Like most vinylphiles, I’ve listened to a lot of fine moving-coil cartridges over the years. The Air Tight PC-1, TAS’ 2006 Phono cartridge of the Year award-winner, is, IMO, the best yet in nearly every aspect of phonographic reproduction—the most complete.
I am scarcely alone in my admiration for the PC-1, which has been a big success critically and commercially. This is not one of those products that hides its light under a bushel. All you have to do is listen to a violin recording, like, say, Joseph Silverstein playing Bartók’s great (and greatly difficult) Sonata for Solo Violin [Columbia], and it quickly becomes obvious that you are getting more information with less distortion and greater speed than you’re used to hearing from an mc.
In the third movement “Melodia,” for instance, when Silverstein plays those tricky high harmonics, you not only hear how these wispy little curlicue-notes sound; you hear how they are sounded. You hear, beneath the harmonics, the faint silken rush of the bow and the shift of fingertips lightly touching strings. This is extraordinary low-level detail, bespeaking a very low noise floor and very high resolution.
But the PC-1 isn’t just very quiet and highly detailed; it’s unusually fast. I thought the London Reference was a world-beater when it came to transient response; but the PC-1 audibly bested it. Just listen to any of the pizzicatos in this same movement of the Bartók Sonata to hear a new benchmark in the lifelike reproduction of plucked strings.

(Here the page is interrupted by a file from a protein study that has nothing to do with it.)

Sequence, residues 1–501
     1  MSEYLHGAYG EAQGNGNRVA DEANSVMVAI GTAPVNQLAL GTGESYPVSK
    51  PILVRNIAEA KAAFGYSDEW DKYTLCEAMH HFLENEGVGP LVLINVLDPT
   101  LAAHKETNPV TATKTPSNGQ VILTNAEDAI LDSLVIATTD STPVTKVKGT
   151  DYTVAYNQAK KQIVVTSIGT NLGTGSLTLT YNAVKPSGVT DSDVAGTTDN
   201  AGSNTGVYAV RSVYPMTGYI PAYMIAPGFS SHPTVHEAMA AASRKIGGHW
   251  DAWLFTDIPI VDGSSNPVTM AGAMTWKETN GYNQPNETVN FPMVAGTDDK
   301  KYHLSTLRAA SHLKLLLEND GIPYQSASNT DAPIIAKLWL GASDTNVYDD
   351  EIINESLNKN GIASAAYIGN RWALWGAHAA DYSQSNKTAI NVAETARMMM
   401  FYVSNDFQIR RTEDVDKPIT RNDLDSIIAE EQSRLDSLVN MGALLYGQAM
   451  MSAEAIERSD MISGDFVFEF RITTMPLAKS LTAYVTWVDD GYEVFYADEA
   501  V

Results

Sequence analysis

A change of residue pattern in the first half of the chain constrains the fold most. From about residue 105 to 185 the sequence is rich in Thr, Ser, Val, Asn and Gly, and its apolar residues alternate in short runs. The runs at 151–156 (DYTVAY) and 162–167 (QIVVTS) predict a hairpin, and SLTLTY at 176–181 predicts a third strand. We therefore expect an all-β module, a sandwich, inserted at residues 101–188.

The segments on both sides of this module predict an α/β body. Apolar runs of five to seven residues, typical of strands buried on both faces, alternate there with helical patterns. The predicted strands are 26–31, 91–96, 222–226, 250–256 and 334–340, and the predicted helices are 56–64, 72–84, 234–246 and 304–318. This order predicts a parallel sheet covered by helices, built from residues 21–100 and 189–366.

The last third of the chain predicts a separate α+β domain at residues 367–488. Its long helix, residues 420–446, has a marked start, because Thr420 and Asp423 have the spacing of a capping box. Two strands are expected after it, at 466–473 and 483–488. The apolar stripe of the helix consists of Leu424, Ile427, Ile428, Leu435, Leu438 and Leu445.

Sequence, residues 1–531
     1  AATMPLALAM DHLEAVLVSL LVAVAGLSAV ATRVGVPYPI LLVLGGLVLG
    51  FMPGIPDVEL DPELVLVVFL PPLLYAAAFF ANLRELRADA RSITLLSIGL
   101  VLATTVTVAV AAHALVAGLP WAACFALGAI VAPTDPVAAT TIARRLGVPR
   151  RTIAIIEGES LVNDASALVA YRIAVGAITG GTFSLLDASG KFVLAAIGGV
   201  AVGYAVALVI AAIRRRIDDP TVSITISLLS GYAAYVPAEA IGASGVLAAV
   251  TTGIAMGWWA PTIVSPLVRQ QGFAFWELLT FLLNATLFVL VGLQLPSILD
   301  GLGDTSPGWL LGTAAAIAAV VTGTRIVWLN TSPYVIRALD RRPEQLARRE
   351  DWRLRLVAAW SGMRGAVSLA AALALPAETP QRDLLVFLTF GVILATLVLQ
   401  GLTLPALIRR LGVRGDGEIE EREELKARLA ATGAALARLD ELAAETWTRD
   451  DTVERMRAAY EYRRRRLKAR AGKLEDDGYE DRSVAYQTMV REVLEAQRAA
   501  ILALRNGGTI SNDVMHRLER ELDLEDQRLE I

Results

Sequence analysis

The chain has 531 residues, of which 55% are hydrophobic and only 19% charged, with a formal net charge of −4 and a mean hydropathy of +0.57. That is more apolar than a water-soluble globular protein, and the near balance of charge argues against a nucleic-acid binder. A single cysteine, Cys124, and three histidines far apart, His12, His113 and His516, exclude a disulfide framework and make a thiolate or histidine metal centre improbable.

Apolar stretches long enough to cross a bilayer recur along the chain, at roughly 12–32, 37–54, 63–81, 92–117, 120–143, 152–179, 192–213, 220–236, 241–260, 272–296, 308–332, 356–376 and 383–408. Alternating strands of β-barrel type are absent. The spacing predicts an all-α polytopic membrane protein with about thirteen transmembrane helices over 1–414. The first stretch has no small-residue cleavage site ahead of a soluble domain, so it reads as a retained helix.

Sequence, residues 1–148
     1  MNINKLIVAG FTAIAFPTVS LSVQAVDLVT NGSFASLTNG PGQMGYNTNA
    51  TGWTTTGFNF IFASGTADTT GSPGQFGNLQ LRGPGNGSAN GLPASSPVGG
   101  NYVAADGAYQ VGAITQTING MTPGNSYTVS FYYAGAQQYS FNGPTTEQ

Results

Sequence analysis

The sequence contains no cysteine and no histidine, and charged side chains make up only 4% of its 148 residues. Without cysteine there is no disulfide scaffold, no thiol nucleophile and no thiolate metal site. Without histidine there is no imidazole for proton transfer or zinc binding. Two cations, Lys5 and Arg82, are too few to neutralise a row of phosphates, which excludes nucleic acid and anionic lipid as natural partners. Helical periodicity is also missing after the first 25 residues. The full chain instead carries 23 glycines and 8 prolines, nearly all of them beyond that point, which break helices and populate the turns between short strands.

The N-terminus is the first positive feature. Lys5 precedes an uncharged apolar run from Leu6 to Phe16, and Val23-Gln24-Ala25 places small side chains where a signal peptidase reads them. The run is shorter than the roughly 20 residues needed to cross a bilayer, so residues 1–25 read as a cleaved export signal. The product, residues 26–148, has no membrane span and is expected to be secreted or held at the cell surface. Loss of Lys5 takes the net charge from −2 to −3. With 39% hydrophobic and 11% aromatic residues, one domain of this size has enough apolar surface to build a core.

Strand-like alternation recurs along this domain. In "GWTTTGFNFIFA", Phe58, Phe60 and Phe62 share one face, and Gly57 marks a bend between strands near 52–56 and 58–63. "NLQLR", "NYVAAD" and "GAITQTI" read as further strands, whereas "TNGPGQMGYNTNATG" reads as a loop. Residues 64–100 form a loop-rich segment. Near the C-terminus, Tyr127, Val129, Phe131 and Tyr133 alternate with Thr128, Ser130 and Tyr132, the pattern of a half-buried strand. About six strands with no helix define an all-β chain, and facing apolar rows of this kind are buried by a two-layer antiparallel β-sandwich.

In addition to its world-class distortion, resolution, and speed, the PC-1 is also extremely natural in timbre for a moving coil. Once again, listen to Silverstein’s violin on the double- and triple-stopped chords and trills of the “Melodia.” With their rising treble response, moving coils tend to brighten up or thin out timbres in the upper mids and highs. Not here. (At least, not when the cartridge is properly loaded to 100–500 ohms.)
The PC-1 isn’t just a wonderment in the treble. Its bass is just as remarkable— and in the same ways. On something like Robert Helps’ Steinway on Arthur Berger’s Two Episodes (from New Music for the Piano [CRI), you not only get the fullness of timbre of the big pedaled chords; you get the full energy with which Helps sounds them, the power with which they are projected and sustained. Many moving-coil cartridges (many stereo systems, for that matter) make big instruments like concert grands sound as if they’re getting smaller in volume, power, and projection as they descend in frequency, as if their sound is being funneled to a point, like a “V.” The PC-1 reproduces deep sustained notes as they sound in life—expansive, bottomless, and open, like an upside-down “V.”
Happily, the PC-1 is also exceptional in the midband, reproducing voices from John Shirley-Quirk’s resonant baritone on Lutoslawski’s haunting Les Espaces du sommeil [Columbia] to Joan Baez’s gorgeous soprano on “Gospel Ship” (from Live in Concert [Cisco]) with in-theroom- with-you presence, while, at the same time, fully reproducing the acoustic of the hall each singer is singing in.